Manchester is a cool city. Like many of my friends who settled here, I was attracted by a reputation carved out decades ago. The names of these cultural sculptors, however, no longer appear on billboards or event posters. Instead, they are relegated to books that seem vaguely historical, or albums that were best-sellers before any of us had ears to hear them.
I take pleasure basking in the reflected aura of those who made their name in Manchester, subsequently making Manchester a name in itself. But even while traipsing around these terraced streets, like many Mancunians have done, I find myself feeling ill-at-ease. Do I have a right to enjoy such a worldwide reputation when I contributed nothing to it’s creation?
I have never set foot in the Boardwalk or the Haçienda. I never scraped together the cash I could to watch the Stone Roses or Mondays perform live. At the root of it, there is no way I could have. Just as I was beginning to think I was condemned to appropriating that which I had missed out on, a swathe of unassuming posters popped up in central Manchester. Each image sported the same cryptic message: ‘#MorningGlory25’.
We owe a lot to Oasis Leisure Centre in Swindon: not only do they boast swimming, climbing and trampoline facilities, but they are also responsible for the name of one of the most successful bands from Manchester. Liam Gallagher suggested the name Oasis shortly after joining the band in 1991, and before his brother, Noel, joined that same year. I questioned the scope of influence the Oasis Leisure Centre in Swindon had over their commercial success, but something about it clearly resonated with the British public. In 1993, Oasis were signed to Sony. They released their debut album, (becoming the fastest selling debut album in the UK) in 1994, and in 1995, their best-selling album of all time, (What’s the story) Morning Glory?, was released.
To stress their dizzying success, I could give you some numbers. I could tell you that Morning Glory sold 345,000 copies in its first week. Or, that it spent 10 weeks at number 1. I could also tell you 125,000 British soldiers died at the Somme. These are all intangible digits that tell a story, a story to be read.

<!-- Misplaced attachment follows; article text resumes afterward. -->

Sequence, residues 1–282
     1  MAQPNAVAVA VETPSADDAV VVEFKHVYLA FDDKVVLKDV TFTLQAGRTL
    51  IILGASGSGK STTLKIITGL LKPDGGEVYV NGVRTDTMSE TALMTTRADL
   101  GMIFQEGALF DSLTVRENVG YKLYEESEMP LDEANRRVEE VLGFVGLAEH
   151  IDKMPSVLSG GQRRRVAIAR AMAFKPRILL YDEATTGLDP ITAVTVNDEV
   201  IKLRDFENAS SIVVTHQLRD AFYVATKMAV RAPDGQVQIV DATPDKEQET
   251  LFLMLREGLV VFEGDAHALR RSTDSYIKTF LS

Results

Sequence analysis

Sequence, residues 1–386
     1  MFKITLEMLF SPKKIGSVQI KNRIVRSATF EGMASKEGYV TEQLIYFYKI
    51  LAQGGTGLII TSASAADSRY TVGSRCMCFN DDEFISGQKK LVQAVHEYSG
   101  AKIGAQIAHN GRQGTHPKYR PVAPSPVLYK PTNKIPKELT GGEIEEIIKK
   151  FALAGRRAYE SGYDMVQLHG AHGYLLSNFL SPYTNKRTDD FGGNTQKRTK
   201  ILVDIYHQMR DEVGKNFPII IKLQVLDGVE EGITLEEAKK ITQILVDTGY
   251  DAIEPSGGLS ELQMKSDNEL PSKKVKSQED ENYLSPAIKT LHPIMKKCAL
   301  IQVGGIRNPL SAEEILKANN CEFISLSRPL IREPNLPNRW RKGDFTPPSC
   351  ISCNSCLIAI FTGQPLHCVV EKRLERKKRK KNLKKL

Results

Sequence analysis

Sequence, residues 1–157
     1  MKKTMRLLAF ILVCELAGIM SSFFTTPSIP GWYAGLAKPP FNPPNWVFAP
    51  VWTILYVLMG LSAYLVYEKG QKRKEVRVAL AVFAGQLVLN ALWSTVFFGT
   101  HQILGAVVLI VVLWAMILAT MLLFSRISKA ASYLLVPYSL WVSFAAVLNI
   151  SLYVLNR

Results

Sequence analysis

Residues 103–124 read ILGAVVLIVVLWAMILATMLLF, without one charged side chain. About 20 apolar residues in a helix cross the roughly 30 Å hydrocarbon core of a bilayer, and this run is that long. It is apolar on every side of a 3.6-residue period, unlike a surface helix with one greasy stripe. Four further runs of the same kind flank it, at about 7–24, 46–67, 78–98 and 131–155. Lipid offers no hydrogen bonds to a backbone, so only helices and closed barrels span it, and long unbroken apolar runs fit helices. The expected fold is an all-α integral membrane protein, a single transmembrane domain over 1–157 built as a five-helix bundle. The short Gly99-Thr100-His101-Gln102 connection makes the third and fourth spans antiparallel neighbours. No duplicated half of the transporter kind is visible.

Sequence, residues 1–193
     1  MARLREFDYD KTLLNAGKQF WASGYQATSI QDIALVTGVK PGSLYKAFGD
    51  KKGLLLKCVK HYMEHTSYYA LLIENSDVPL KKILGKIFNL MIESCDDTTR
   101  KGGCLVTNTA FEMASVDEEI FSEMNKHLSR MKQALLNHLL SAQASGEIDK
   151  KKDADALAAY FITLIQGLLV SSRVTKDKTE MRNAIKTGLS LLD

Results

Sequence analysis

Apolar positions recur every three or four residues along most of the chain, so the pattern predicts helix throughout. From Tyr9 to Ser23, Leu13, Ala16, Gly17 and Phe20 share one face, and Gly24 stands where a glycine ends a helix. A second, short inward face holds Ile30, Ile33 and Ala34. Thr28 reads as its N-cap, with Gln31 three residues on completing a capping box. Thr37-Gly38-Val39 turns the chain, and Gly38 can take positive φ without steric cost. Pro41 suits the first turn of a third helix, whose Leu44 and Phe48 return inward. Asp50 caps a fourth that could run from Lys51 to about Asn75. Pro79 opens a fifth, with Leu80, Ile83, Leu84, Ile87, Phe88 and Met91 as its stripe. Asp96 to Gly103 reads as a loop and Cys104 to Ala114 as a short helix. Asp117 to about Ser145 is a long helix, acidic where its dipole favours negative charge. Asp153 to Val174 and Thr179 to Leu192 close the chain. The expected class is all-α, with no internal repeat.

The only liveable remnants of the golden age of Mancunian Britpop are the seemingly endless spats between the Gallaghers on Twitter. It’s this ongoing feud that saw the gradual demise of Oasis, until their break-up in 2009.
My Dad and brother played Oasis regularly all throughout my childhood, and their lyrics are branded into my subconscious. But sitting here on the outskirts of Fallowfield, a stones throw from the childhood home of Noel and Liam in Burnage, I can’t help but feel like I’ve missed out.
Now, I could be accused of getting misty-eyed. Those posters are in fact referencing the 25 years since Morning Glory was released. In commemoration, there have been special edition Vinyl LPs made available for purchase.
This is exciting. Still, would a tiny reunion really be too much to ask?
I am very much of the opinion that while nothing gets confirmed, nothing can be denied. Perhaps a guerrilla marketing stunt awakened a little too much child-like optimism. Sue me. I will continue to hope that one fine day, we will be able to put our money where our mouths are, and to further cultivate the reputation of this cultural powerhouse.
Oasis, I salute you, I listen to you, and I sing you (badly). I have to ask, however: how many re-runs of the past are you going to put us through before you actually allow us to re-live it?